South Pasadena is officially behind a state Senate measure that would push a regional approach to funding affordable housing.
The city issued a statement last week urging Gov. Gavin Newsom to sign Senate Bill 5, co-authored by Sen. Anthony Portantino, that would establish a state partnership with cities and counties to provide ongoing funding to subsidize affordable housing.
City Manager Stephanie DeWolfe said the legislation would help South Pasadena and other cities address affordable housing and homeless issues.
The measure would establish a new, state-backed financing program that provides cities and counties the resources to subsidize affordable housing, invest in infrastructure needed to support housing and invest in housing near job centers.
SB 5 commits $200 million in funding annually to cities and counties beginning in 2020, eventually capping at $2 billion annually.
The city said that, when the state abolished redevelopment in 2011, it wiped out the only source of ongoing funding available to local governments to build affordable housing and supporting infrastructure — leaving more and more families priced out as the homeless population has exploded.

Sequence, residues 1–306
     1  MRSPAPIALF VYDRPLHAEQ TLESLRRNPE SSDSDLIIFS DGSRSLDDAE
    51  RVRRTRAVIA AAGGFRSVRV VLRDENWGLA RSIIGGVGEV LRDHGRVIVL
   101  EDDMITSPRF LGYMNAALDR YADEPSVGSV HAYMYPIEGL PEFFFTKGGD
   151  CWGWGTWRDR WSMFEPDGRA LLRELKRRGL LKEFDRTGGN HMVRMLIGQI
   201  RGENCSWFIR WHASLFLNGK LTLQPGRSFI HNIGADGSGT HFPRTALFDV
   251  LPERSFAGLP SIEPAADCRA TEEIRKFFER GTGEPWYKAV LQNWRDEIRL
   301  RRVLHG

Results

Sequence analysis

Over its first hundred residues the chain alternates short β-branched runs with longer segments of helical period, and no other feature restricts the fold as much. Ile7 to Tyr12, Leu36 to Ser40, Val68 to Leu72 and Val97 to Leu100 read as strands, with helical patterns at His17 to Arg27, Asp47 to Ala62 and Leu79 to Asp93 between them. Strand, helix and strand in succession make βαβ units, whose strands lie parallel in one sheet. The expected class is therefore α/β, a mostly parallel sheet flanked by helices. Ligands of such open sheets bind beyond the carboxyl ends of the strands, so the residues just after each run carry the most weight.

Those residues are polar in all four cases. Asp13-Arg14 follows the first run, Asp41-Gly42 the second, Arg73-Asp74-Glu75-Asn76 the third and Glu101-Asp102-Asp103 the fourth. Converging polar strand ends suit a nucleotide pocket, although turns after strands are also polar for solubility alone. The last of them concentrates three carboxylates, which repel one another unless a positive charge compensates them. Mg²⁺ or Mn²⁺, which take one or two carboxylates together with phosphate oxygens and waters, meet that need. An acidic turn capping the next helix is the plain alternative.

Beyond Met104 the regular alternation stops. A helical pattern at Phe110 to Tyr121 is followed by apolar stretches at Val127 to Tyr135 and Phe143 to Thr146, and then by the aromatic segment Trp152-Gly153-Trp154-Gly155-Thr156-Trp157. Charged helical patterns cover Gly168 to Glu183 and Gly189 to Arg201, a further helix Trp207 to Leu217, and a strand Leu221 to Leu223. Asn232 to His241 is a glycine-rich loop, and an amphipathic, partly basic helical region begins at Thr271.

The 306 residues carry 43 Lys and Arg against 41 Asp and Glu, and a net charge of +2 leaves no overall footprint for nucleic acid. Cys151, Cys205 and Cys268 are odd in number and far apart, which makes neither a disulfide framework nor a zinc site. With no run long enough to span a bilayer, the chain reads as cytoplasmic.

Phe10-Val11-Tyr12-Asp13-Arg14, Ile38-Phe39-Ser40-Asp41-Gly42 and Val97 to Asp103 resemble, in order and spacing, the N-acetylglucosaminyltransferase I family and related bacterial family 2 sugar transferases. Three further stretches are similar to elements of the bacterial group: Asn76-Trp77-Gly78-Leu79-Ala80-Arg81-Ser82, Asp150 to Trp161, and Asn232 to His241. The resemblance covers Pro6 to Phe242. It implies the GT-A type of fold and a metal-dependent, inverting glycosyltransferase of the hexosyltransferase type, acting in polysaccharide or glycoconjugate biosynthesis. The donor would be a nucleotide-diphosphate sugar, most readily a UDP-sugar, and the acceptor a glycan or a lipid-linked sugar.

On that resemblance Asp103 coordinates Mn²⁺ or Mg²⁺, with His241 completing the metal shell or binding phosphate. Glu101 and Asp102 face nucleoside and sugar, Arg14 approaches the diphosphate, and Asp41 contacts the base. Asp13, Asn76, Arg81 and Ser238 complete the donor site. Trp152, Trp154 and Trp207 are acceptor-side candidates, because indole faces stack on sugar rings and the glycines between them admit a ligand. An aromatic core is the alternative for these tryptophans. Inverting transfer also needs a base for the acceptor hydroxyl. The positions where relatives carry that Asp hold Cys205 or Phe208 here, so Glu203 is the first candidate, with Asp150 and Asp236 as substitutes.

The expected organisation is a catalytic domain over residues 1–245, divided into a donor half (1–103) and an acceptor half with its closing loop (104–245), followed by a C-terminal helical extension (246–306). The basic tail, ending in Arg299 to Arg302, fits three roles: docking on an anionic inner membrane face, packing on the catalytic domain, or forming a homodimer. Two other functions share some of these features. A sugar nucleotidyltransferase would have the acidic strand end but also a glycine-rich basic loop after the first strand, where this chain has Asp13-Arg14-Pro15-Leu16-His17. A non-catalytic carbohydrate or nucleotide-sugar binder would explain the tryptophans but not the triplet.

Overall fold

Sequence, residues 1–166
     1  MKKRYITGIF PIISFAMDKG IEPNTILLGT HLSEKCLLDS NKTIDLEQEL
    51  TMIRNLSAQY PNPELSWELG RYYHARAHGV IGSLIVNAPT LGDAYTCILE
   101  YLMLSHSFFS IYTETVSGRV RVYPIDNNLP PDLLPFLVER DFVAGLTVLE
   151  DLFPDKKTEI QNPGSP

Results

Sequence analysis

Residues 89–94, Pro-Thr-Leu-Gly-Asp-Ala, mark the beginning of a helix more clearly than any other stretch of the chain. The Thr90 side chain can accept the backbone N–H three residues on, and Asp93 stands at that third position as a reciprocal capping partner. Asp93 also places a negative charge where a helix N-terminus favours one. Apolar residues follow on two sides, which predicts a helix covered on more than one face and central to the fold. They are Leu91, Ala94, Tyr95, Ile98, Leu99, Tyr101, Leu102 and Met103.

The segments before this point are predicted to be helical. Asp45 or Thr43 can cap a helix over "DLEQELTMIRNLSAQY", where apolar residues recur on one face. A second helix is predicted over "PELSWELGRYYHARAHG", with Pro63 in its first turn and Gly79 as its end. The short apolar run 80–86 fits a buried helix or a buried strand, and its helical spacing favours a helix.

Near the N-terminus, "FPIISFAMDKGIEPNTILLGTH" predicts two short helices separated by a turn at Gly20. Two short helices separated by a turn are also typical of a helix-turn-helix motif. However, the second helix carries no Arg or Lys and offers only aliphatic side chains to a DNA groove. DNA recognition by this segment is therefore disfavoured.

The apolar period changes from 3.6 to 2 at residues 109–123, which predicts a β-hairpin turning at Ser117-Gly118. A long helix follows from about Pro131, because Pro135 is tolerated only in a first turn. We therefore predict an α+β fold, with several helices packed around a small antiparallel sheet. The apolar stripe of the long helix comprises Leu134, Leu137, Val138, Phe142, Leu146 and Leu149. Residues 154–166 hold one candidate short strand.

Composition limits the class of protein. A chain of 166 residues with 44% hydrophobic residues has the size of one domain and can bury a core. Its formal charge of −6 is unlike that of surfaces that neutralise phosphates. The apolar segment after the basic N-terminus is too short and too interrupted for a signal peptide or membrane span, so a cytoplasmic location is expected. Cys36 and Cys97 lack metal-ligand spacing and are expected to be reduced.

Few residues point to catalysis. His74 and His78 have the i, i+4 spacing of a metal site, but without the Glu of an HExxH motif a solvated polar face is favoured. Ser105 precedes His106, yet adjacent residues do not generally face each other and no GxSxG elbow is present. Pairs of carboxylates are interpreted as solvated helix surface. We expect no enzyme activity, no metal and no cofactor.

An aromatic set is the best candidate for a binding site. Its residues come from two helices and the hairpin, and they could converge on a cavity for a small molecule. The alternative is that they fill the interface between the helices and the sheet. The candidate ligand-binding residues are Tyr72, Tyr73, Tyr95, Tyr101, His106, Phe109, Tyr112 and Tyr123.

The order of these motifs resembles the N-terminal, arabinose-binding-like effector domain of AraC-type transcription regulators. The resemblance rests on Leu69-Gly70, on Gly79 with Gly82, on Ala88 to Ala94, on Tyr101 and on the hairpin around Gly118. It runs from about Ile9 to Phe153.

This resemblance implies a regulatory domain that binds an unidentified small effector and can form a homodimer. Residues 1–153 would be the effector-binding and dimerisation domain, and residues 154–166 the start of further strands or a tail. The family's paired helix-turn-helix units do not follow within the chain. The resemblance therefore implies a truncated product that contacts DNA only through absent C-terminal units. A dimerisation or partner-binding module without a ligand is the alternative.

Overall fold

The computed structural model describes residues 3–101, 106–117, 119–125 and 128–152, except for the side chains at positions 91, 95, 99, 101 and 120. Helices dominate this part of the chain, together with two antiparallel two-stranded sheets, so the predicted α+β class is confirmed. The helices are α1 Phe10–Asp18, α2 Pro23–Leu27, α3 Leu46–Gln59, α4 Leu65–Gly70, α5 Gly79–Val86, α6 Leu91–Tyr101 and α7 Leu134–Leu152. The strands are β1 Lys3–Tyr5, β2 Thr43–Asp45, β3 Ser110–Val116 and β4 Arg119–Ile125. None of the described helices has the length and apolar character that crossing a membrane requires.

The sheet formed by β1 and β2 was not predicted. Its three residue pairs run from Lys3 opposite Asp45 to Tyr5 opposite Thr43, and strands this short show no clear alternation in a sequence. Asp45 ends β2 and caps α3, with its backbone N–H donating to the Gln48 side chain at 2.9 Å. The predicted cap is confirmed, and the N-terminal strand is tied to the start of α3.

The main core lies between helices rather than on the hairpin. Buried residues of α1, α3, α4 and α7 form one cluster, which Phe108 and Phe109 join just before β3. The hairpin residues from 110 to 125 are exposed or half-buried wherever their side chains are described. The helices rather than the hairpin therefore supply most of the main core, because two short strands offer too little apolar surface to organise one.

Today, more than 2.2 million extremely low-income and very low-income renter households are competing for only 664,000 affordable rental homes, the city statement said. That leaves more than 1.5 million of California’s lowest-income families without access to housing, forcing many into homelessness.
According to the city statement: “SB 5 contains strong accountability provisions. The legislation creates a statewide oversight body to approve or reject all projects proposed by local governments. Additionally, cities and counties must submit annual reports to the Legislature.
“SB 5 creates an annual cap on funds available, and the Legislature can suspend funding for new plans during fiscal downturns. Lastly, SB 5 provides state resources to ensure funding for schools and community colleges are not impacted.
“SB 5 is supported by a broad coalition of cities, counties, business, labor, local governments, housing advocates and community leaders.’’
The city’s efforts to rally support for SB5 was not taken up by the City Council, but rather falls within its “legislative advocacy package,” meaning the bill meets certain criteria that permit staff to speak on behalf of the city, said John Pope, the city’s public information officer.